Saturday, July 26, 2008

Marcus Gardley's "every tongue must confess" at Bay Area Playwrighting Festival 31

Marcus Gardley Play
First Impressions—yes I plan to return August 3 at 4 p.m. at the Magic Theatre in Ft. Mason Center in San Francisco

The play, "every tongue must confess," opens in a church…the congregation, led by a woman, shifts between the heavenly and the profane as stories are bandied about—heat an ever present theme. I could certainly relate to the heat metaphor just returning from Mississippi where daily the temperature was 92 degrees. Learning to walk on water was my survival technique—otherwise I would have drowned.

At first I was confused by the multiple images—church benches and interlocking stories of mistaken identity, murder, and grace or its absence. Certainly there were consequences for evil, even evil misguided. A son denies his father and lives while his father is killed, his soul haunting the earth as he searches for his child, and a girl child—Benny, named after her grandfather, who stops speaking after her mother is almost kills.

Both father and daughter, who have never met share guilt, the guilt of speaking or holding one’s tongue—the difference is subtle, yet consequences are shame.

I am reminded throughout the play of May Angelous’ I Know Why the Caged Bird Sings. In her autobiography, Margarite (young Maya) is struck mute when she tells who raped her and the man is found and killed. She realizes that words are powerful and that telling has consequences and she doesn’t want her words to be used to take life, so she writes and reads and stops speaking until she meets a teacher who helps her unlock her tongue.

It’s the same with Benny Pride (actress Rebecca White). She says a bird took her voice. Humm...bird imagery. Spirit often takes the form of birds. The reverend tells her that the bird doesn’t know what to do with the girl’s voice, that the burden of carrying the child’s voice is keeping her from being able to sing her own song. To take it back, and Benny does.

The child freezes up again when her dad…starts to speak, this stranger whom has so much in common with her. Pain and loss and hurt and guilt. It’s what he does with it-the shame, that differs from his daughter's choice.

Then there is the road Jeremiah (actor Robert Hampton) has paved, the bible he finds in a grave and a red string—there are four pieces of red string that tie the ends together-the ends of the story together. "The narrator" or lead "chorus director", actor, Myers Clark plays and "Sophia," "the Holy Ghost," and "reporter," actress Pjay Phillips plays, which help us stay on track...sort of, as the tale dips and turns as only a Marcus Gardley pen can imagine. Bravo!

It’s interesting…I don’t understand it all, but I roll with it. I trust the journey and know from literary experience (with Gardley) I will understand everything in the sweet bye and bye. And if I don't, I can ask questions. This is an opening reception perk, which I highly recommend. I recommend all opportunities to talk to the playwrights and cast. BAPF offers many such opportunities. (I wish the venue was a little closer to BART though. I like The Marsh for this reason, even though I understand the sentimental value of The Magic. Driving and parking is such an expense and a drag I am trying to overcome :-)

I learn later about Jeremiah and why he wants the pastor to lay hands on him. In the bible Jeremiah suffers for god. He paves a road past Bennie and her dad’s place. Benny’s dad, Stoker Pride (actor Michael Oakes) tells him to stop, but he ignores him. He tries to keep her from attending a black church up the road, she ignores him. The pastor frees her voice, just as Jeremiah frees her dad.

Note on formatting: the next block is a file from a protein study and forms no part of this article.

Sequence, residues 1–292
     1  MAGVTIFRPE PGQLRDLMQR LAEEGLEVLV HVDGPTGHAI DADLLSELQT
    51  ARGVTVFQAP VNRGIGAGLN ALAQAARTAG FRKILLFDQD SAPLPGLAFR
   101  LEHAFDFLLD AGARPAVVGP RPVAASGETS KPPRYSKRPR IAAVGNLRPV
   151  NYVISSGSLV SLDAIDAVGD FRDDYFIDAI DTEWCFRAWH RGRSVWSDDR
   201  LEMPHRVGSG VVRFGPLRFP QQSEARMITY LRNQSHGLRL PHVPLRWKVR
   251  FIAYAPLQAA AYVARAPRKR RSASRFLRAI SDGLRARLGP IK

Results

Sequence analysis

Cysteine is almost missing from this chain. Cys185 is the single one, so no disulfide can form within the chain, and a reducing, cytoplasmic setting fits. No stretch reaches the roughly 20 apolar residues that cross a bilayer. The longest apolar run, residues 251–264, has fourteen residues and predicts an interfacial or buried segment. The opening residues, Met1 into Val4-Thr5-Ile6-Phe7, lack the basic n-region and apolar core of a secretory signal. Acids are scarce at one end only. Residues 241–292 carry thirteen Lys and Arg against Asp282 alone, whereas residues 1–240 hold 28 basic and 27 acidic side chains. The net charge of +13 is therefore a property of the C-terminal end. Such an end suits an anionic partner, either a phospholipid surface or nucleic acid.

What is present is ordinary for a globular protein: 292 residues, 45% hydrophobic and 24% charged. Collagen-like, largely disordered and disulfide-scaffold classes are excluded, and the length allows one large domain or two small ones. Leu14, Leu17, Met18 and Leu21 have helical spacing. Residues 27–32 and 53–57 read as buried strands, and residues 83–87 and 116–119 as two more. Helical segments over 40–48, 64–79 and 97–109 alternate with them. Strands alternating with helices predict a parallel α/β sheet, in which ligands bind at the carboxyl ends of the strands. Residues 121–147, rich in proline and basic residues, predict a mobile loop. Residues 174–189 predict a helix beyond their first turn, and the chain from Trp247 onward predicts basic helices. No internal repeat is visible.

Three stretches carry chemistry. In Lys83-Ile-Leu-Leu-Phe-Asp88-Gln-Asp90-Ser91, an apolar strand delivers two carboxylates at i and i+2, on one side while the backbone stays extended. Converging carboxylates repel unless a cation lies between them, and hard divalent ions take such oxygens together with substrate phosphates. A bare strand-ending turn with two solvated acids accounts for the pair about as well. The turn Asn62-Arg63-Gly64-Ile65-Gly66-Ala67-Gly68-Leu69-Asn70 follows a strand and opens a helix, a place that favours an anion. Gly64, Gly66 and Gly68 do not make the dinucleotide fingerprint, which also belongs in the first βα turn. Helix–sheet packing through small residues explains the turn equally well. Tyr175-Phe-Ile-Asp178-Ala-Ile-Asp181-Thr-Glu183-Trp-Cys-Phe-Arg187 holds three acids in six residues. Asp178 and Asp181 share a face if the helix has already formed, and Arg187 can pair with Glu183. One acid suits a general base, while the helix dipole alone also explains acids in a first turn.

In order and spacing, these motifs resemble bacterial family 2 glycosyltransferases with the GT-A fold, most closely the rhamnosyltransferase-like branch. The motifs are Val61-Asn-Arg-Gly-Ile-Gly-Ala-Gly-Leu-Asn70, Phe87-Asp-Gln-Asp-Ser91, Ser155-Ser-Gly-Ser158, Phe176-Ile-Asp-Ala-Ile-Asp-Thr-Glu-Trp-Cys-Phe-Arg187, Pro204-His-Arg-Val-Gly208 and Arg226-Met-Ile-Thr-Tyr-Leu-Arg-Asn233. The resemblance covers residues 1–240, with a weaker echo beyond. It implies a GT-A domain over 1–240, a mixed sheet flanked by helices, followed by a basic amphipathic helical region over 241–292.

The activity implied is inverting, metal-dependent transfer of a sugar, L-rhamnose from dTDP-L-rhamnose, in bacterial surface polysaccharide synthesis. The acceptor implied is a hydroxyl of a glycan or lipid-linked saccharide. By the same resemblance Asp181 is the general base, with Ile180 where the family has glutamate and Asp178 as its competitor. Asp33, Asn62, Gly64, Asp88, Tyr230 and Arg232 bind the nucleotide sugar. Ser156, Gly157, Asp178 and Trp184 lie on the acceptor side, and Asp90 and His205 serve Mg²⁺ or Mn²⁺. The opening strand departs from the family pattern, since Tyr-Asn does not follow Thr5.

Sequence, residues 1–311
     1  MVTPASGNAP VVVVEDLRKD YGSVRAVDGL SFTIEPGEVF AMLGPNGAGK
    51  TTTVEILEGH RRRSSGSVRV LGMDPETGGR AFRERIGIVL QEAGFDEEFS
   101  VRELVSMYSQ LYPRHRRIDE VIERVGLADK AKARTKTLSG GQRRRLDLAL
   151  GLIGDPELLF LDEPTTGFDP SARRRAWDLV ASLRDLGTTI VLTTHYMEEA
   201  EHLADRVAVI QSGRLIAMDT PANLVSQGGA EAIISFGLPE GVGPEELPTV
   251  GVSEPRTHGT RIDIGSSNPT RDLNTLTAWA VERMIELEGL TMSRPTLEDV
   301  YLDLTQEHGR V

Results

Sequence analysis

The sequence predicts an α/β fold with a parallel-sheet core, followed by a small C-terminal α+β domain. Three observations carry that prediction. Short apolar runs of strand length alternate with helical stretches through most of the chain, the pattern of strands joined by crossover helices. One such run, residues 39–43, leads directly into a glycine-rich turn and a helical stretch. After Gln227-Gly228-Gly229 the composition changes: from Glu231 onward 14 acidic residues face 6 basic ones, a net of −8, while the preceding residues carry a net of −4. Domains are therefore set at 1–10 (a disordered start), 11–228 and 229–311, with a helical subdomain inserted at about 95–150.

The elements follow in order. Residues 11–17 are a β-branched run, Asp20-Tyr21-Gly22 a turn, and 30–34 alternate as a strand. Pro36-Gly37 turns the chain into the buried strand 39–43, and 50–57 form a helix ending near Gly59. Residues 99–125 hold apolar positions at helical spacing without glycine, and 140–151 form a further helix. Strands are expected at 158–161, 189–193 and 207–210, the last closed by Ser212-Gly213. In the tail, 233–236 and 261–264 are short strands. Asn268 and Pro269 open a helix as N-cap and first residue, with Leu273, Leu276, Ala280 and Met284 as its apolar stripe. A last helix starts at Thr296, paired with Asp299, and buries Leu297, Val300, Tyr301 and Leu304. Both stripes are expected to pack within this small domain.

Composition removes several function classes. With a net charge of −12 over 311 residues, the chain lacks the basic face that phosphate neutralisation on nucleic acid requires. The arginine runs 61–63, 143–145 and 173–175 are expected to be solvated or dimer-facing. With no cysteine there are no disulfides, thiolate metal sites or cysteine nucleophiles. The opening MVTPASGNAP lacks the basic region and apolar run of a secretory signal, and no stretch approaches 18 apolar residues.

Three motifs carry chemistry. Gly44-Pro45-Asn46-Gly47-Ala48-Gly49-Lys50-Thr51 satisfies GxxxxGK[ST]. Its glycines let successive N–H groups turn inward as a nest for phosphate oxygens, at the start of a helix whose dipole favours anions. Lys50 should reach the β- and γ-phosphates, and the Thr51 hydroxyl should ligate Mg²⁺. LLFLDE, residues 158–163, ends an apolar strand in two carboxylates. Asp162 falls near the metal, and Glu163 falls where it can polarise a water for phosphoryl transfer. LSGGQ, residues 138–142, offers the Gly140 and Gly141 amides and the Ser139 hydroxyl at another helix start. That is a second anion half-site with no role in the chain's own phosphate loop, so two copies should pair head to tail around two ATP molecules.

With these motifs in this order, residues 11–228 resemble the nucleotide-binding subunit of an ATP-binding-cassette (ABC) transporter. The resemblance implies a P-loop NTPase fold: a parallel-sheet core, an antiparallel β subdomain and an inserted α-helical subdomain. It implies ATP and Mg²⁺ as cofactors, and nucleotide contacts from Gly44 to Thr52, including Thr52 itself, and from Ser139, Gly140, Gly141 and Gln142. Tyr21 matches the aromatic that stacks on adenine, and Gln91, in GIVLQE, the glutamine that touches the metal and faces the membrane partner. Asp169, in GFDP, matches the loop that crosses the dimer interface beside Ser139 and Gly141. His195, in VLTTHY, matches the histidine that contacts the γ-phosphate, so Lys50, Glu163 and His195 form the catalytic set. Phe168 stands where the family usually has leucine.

Jeremiah reads the bible. Later on we find out why he has to die.

Okay so I’m thinking the play is about church burnings in Alabama, when in fact the murder mystery is about these interlocking relationships and secrets and gossip and the truth in these stories which are somewhat biblical.

I met a woman in Algiers whose work was teaching others to use the bible as a guide to teach them how to live their daily lives. Marcus captures this concept in his play…Jeremiah is real, as is a man they call Blacksmith (actor Mujahid Abdul-Rashid). He lost his true name and can’t recall his son’s name, but he’s looking for his family. He had an accident, a fall and is bleeding when he shows up on the pastor’s step (actress C. Kelly Wright), sits uninvited at the table and begins to eat the food, complaining all the time.

The pastor, Mother Sister Madkins, a prophet and a healer, is bitter because she couldn’t save her husband—guilt. Guilt is a theme here. Good people who just don’t have to capacity to save the one’s they love. It’s like those who devote their lives to the world forget those at home—this is not the case with the pastor. She loves her son Shadrach, she just ignores him and what he wants until Blacksmith comes.

So here’s this stranger come to town who has the pastor speaking in tongues and the tongues of the congregation wagging.

The heat is not just the weather. The day is hot…but there is passion and also real danger. Someone is burning down churches and soon we find out who this is.

Jeremiah paves the road and then is killed—his death a beautiful dance. The actors are superb but the incineration of this humble man. I believe he was 82 or so, is horrible and horrifying and beautifully rendered. In the absence of smoke and trees and a visual landscape, he dances like the ashes floating into the air—the crackling flesh—the pain and agony a silent pantomime.